Global Online Promotions has been using Linux as the platform for its Kachingo rewards scheme, though it is considering moving to Unix if it expands to the UK.
In the two years Kachingo has been operating, Red Hat Linux has proven to be a cost-effective and reliable platform, says Noel Duckworth, Kachingo technology manager at CSI, the Wellington IBM reseller which developed Kachingo and manages it for Global Online Promotions.
Duckworth says Linux was chosen as the development platform and operating system for two main reasons.
“As project director, I insisted on software that had a minimal licensing component because we saw that we would potentially be deploying many thousands of systems which would add up to a lot of money.
“We also wanted to deploy software which remains in service without on-site maintenance or software upgrades for a minimum of three years.” Duckworth says this pretty much meant a Unix solution, which in turn went to Linux because of cost.
He says initial costing for combined Windows plus a database client access licence would have been something in the order of $300 to $500 per remote server. There are 500 remote servers at retail premises so there have been potential savings of $150,000 to $250,000.
Nor have support costs for Linux been an issue, probably because it is a specialised application developed from scratch.
“It doesn’t need a lot of the services that Windows systems need, such as support for Excel and word processing applications or the internet.” Citrix was considered, but under the project’s design points, the designers wanted to use the same operating system for host servers and remote servers.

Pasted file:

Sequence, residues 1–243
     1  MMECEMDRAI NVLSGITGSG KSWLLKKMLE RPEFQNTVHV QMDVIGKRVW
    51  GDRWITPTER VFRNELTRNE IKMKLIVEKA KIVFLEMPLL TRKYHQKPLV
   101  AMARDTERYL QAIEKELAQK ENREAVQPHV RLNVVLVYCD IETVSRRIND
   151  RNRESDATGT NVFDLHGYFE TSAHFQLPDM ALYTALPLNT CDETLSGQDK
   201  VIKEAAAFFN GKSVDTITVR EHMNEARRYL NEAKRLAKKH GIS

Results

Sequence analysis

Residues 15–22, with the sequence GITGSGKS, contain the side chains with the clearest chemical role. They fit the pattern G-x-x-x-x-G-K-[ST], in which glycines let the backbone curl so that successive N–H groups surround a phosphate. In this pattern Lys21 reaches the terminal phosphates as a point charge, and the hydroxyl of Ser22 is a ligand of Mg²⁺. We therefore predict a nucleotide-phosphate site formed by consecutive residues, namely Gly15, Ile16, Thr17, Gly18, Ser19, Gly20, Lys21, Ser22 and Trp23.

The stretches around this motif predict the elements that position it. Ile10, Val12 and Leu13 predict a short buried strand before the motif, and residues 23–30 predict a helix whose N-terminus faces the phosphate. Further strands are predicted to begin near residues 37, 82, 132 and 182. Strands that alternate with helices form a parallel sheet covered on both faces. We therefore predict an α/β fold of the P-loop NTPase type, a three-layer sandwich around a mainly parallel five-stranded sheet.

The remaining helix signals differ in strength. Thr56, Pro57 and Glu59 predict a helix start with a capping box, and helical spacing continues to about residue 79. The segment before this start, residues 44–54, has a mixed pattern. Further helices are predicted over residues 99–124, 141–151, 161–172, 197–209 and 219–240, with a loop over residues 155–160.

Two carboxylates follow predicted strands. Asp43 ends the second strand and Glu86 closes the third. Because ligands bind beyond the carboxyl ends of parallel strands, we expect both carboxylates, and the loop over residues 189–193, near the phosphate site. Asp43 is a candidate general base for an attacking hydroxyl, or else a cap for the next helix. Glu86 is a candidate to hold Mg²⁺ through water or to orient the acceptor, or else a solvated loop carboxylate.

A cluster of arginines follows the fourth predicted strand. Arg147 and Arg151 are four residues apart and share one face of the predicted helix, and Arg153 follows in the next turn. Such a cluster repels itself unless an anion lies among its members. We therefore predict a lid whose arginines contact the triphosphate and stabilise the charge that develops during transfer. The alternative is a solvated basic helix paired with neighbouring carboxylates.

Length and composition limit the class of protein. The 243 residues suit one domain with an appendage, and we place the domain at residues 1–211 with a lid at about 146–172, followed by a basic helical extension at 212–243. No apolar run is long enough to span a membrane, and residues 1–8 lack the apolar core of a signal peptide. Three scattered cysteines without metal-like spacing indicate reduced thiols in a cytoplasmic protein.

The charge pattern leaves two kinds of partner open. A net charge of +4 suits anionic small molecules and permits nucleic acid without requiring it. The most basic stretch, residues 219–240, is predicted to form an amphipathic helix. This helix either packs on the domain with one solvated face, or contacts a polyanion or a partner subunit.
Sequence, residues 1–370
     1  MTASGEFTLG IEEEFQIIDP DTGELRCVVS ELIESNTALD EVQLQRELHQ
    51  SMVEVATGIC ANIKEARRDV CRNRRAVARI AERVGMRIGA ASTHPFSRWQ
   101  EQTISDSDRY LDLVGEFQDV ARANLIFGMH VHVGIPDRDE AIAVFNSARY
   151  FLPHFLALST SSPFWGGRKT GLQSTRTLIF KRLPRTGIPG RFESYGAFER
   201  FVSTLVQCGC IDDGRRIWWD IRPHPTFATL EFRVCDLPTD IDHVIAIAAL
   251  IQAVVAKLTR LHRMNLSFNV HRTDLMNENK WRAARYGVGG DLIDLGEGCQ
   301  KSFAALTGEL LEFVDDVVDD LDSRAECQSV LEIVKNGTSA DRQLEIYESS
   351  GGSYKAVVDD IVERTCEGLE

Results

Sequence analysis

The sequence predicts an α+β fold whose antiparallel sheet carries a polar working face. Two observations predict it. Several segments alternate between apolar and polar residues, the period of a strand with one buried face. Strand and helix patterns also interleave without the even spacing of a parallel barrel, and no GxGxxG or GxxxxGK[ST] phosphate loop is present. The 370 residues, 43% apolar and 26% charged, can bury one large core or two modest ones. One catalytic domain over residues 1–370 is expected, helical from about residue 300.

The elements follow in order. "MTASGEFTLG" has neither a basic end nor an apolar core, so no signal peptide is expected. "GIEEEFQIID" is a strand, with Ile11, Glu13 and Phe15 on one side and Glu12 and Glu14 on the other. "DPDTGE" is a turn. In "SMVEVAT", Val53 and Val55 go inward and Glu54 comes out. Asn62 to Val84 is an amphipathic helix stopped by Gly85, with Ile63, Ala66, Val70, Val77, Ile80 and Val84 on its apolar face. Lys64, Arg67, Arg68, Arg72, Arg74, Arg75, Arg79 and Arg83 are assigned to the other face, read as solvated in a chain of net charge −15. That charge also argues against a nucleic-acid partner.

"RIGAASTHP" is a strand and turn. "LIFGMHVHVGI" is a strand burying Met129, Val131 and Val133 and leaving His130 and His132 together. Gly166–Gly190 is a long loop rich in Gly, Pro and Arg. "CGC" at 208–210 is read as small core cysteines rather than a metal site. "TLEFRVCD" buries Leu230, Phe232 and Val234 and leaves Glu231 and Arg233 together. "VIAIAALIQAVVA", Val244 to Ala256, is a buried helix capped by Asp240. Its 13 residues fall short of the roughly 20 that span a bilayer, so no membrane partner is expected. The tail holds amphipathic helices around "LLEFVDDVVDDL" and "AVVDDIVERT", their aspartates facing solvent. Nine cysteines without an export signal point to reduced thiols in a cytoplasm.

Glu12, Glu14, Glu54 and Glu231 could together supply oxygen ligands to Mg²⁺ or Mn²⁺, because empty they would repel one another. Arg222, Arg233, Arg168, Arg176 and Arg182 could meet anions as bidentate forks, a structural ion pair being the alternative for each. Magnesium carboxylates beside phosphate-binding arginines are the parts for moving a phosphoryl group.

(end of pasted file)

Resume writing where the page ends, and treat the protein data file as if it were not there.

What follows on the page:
The remote servers support 1700 point of sale (POS) terminals. They sit in each retail outlet and receive application software, promotions, game lines and ticket numbers from the hosts in Wellington. They collect all transactions from the POS terminals and analyse them in real time. Data is sent back and forth between the host systems and remote servers in dynamically configurable time frames.
Duckworth says although Linux is satisfactory for smaller geographies, the expansion of Kachingo beyond New Zealand and Australia may mean a move to Unix.
The company is in the process of negotiating licensing Kachingo to the UK.
Duckworth doesn’t think it will continue to use Linux on the host server if that’s the case.
“We have to consider scalability, management tools and performance. We probably expect to go to a commercial version of Unix, perhaps IBM’s AIX, as we are an IBM remarketer.” A possibility would be the migration of the host to Unix, but to continue having some functions running on Linux. “The host has quite modular functionality so that we can get scalability. Some of the functions could remain with Linux on Intel, such as the servers that perform the distribution function or all the communications out to remote servers.
“However, the core application server — which generates all the games and promotions, and collects transactions and updates them — that’s where the heavy load comes about.”
Another possibility would be to run a partitioned mainframe environment with Unix and Linux. “Virtual partitions have a lot of appeal because they can share resources.”
Duckworth says the database server, which is Microsoft SQL Server running on Windows 2000, seems to be capable of scaling to cover New Zealand, Australia and the UK.
“Lots of people are using it in larger warehouses across the US now, so it seems to be getting a bit more commercial exposure.” At the moment Global Online uses a combination of IBM NetFinity servers for the host and Compaq servers for the database.
“Probably for UK we would have to go to RISC, although we could have a combination. Some remain Intel and Linux, and the heavier used database servers and main application servers could be RISC.” Apart from using the main application for Kachingo, Global Online is investigating the possibility of selling it to other companies with promotional or rewards schemes.